5 Responses to “Building wealth”

  1. Robert Coren Says:

    As I noted on Facebook, I saw the show on Broadway as a teenager (probably in 1959, but it might have been ’62), and our household subsequently purchased the cast album, so I got pretty familiar with the music, which in my opinion was exceptionally excellent. The song you reference was a particularly delicious example (although the contrapuntal “The Bum Won” is right up there too).

    I should attempt to find out what else, if anything, Jerry Bock wrote.

    • arnold zwicky Says:

      From my FB response to Robert:

      Yes, the music is amazing in its matching of lyrics (creating character portraits) to tunes, as Clark explained to me (rehearsing ideas that went into his senior thesis). (At that point, from Stephen Sondheim we had only his fabulous lyrics (West Side Story, Gypsy), not yet the integration of text and tune to come in Company, Follies, and so on.) But, but, the wondrous original Candide opened in NYC in 1956, and closed before I got to Princeton and had relatively easy access to the City (where I became a Threepenny Opera junkie), so I discovered it through the original cast recording.

      And became a Candide enthusiast while at Princeton, but the year after Clark graduated — introduced to it by housemates Ann Daingerfield (later, Ann Daingerfield Zwicky) and Bonnie Bendon (later, and still, Benita Bendon Campbell).

      Poignantly (as I noted in e-mail to Bonnie this morning), everyone I have mentioned or alluded to in these reminiscences of Princeton days has died — my sophomore roommate Jim just this September — except for her. She and I are still standing.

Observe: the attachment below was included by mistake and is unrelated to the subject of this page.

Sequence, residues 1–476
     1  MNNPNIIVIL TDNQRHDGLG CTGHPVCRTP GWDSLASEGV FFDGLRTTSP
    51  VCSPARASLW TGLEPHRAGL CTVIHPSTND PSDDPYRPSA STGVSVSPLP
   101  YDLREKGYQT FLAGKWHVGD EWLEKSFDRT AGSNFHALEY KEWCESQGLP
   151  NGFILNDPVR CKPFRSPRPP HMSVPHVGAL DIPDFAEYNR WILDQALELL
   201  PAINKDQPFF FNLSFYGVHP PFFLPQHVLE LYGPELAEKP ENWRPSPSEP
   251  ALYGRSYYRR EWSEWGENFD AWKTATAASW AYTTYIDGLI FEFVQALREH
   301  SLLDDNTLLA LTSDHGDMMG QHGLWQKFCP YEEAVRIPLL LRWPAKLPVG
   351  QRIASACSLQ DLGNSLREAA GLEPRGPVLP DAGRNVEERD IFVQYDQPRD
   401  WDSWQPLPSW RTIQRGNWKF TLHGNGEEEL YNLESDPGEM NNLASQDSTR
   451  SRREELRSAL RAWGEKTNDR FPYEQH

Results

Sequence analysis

2. arnold zwicky Says:

    Comment on Facebook this morning:

    Susie Bright: I love this whole story, and the lyrics to “Little Tin Box” are just delicious!

    AZ > SB: I thought I had to quote the whole thing, to get the effect of the repetition with variations, for three times, getting more preposterous as it goes along. With the occasional astonishing rhyme (like orthodox) thrown in.

    Think of it as a rondo.

  3. Mark Mandel Says:

    I really like “Little Tin Box”. My folks had an LP of the musical, and I remember much of the song.
    Another song in the show that I especially enjoyed is the one in which La Guardia campaigns to several different ethnic groups, each in its own language: English, Italian and Yiddish. I remember the tune of the first line of each, in which he spells out his last name.